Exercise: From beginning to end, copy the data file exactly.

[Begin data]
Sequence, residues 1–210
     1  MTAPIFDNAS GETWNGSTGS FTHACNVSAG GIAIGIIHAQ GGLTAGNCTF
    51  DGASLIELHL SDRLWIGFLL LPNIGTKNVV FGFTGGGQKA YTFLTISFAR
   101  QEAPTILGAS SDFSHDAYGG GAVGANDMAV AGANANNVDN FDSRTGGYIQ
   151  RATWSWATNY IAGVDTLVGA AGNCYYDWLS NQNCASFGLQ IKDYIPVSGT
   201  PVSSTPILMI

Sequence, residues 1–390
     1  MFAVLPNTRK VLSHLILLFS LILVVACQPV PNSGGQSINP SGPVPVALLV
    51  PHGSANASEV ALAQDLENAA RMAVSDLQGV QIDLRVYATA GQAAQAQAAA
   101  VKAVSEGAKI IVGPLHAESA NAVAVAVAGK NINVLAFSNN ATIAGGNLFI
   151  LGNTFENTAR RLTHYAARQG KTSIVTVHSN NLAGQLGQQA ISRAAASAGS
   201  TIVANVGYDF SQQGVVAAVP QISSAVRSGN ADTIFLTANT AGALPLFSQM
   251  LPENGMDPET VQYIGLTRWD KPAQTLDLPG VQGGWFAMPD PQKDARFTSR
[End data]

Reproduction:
Sequence, residues 1–210
     1  MTAPIFDNAS GETWNGSTGS FTHACNVSAG GIAIGIIHAQ GGLTAGNCTF
    51  DGASLIELHL SDRLWIGFLL LPNIGTKNVV FGFTGGGQKA YTFLTISFAR
   101  QEAPTILGAS SDFSHDAYGG GAVGANDMAV AGANANNVDN FDSRTGGYIQ
   151  RATWSWATNY IAGVDTLVGA AGNCYYDWLS NQNCASFGLQ IKDYIPVSGT
   201  PVSSTPILMI

Sequence, residues 1–390
     1  MFAVLPNTRK VLSHLILLFS LILVVACQPV PNSGGQSINP SGPVPVALLV
    51  PHGSANASEV ALAQDLENAA RMAVSDLQGV QIDLRVYATA GQAAQAQAAA
   101  VKAVSEGAKI IVGPLHAESA NAVAVAVAGK NINVLAFSNN ATIAGGNLFI
   151  LGNTFENTAR RLTHYAARQG KTSIVTVHSN NLAGQLGQQA ISRAAASAGS
   201  TIVANVGYDF SQQGVVAAVP QISSAVRSGN ADTIFLTANT AGALPLFSQM
   251  LPENGMDPET VQYIGLTRWD KPAQTLDLPG VQGGWFAMPD PQKDARFTSR